If you asked me what I know about computer programming the answer is simple. Nothing. The only experience I’ve had with it is learning to create an Internet website from scratch, and even that I relied strongly on the book for. In high school I wanted to learn hacking so I tried to read java, but gave up once I saw what it was. From these encounters with computer programming I can honestly say it is a difficult task.
In Matthew Kirschenbaum’s article, Hello Worlds, he discusses computer language and its connection with the English language and education. Before reading this article I never considered coding to be poetic, or artistic in anyway. When I usually think of coding I imagine a collection or series of numbers, letters, and symbols used to create something, not a creative or artistic form of language. Kirschenbaum goes, as far as to argue that computer language can be use by students to substitute their need for a foreign language course. “I believe proficiency in a computer language can fulfill many of the same functions — accessibility, self-reliance, heightened critical awareness — as knowledge of a traditional foreign language.”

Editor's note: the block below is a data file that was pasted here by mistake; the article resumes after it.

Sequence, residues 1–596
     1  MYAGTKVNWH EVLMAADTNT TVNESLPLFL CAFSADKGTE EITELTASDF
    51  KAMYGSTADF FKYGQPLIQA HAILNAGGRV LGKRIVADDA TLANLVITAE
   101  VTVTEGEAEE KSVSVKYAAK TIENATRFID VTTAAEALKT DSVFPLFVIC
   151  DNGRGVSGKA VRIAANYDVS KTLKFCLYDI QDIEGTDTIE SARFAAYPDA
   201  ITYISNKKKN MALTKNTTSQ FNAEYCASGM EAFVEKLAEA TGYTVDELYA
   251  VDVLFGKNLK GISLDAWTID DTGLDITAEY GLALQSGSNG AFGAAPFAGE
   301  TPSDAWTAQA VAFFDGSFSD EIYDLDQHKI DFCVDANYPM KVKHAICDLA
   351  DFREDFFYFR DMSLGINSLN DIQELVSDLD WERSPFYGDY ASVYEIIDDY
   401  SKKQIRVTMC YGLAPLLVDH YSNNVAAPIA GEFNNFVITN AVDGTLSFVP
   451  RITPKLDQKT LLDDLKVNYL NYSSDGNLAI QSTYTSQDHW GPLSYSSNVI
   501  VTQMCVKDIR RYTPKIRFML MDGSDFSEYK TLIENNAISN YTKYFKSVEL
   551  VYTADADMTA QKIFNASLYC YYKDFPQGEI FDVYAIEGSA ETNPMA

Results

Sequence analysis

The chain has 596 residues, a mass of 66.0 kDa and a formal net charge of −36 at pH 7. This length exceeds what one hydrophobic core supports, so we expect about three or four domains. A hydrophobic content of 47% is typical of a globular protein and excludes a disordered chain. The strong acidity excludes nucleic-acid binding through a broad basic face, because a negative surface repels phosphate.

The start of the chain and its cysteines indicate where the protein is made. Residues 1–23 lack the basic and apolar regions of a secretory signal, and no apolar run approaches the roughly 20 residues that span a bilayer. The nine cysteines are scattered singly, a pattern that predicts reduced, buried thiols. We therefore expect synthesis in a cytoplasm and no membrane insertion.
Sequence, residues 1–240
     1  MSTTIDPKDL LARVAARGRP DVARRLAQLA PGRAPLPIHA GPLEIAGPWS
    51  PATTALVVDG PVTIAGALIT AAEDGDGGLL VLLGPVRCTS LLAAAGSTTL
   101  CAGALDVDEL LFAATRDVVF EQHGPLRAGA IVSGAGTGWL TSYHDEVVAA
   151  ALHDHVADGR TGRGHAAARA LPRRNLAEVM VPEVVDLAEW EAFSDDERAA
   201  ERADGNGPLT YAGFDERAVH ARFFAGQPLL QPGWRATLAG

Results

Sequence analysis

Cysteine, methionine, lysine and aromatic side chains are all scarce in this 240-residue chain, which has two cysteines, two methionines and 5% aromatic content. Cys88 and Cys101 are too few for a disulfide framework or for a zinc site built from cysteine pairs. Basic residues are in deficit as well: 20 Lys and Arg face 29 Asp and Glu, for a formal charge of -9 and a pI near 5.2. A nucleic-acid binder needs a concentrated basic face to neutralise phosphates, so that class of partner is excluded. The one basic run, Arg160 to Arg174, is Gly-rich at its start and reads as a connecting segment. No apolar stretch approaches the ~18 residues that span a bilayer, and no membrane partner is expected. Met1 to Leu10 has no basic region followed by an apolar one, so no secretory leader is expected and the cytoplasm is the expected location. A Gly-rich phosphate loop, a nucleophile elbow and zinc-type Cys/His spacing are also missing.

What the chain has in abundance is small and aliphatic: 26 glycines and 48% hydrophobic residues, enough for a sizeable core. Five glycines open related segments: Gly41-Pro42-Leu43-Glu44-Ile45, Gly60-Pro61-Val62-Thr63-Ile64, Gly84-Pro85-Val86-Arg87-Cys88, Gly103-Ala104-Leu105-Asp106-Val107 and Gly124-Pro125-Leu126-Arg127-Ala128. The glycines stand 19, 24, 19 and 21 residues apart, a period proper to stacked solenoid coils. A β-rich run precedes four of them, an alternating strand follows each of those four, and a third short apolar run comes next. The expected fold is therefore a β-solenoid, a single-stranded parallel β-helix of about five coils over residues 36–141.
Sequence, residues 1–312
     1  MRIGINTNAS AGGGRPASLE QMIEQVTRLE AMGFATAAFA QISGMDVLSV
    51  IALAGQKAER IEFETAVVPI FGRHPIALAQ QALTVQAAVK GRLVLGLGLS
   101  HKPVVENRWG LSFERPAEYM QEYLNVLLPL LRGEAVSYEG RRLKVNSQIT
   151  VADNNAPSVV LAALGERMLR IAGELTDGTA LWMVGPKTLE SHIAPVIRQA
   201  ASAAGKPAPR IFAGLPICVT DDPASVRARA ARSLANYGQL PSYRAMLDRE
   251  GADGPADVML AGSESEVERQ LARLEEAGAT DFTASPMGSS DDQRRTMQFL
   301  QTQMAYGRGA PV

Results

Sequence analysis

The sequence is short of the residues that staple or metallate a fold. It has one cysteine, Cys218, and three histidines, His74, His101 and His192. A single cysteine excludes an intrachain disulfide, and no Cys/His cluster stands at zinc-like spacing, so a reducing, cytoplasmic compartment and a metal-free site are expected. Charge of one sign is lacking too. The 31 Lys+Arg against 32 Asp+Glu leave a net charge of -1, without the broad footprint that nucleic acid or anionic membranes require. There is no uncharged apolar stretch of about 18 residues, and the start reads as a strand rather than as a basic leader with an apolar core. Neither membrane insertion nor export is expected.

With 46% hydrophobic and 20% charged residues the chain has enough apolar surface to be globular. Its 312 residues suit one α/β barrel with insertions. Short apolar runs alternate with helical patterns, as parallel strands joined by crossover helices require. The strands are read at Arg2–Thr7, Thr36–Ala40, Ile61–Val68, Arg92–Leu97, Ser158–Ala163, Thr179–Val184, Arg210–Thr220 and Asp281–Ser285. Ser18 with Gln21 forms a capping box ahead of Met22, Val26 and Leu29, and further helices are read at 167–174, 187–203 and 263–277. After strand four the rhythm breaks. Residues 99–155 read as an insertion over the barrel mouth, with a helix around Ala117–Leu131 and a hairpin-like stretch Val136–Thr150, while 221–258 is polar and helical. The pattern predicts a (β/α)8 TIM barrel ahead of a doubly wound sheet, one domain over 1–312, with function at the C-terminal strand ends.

Learning about this form of coding poetry I searched for it, until I found a site that explained it pretty well. Poetrymagazines.org comments on an example of these code poems, breaking them down for others to understand the basics and knowledge behind them. Now, can computer code be poetry? Honestly, I don’t know. Before reading this article I might have argued that coding isn’t a language, but now I have a different view. If coding can be language who is to say it cannot have its own form of poetry and artistic expression.
We can argue that coding poetry isn’t a true form because non- techy people can’t read it, but how is any different from a poem in German or Korean. I can’t read these poems, but I still recognize them as poetry. Considering I don’t know coding, or tech language I don’t believe I can truly appreciate it. It’s great to see technology and language growing closer and closer, but I wonder if there is a border.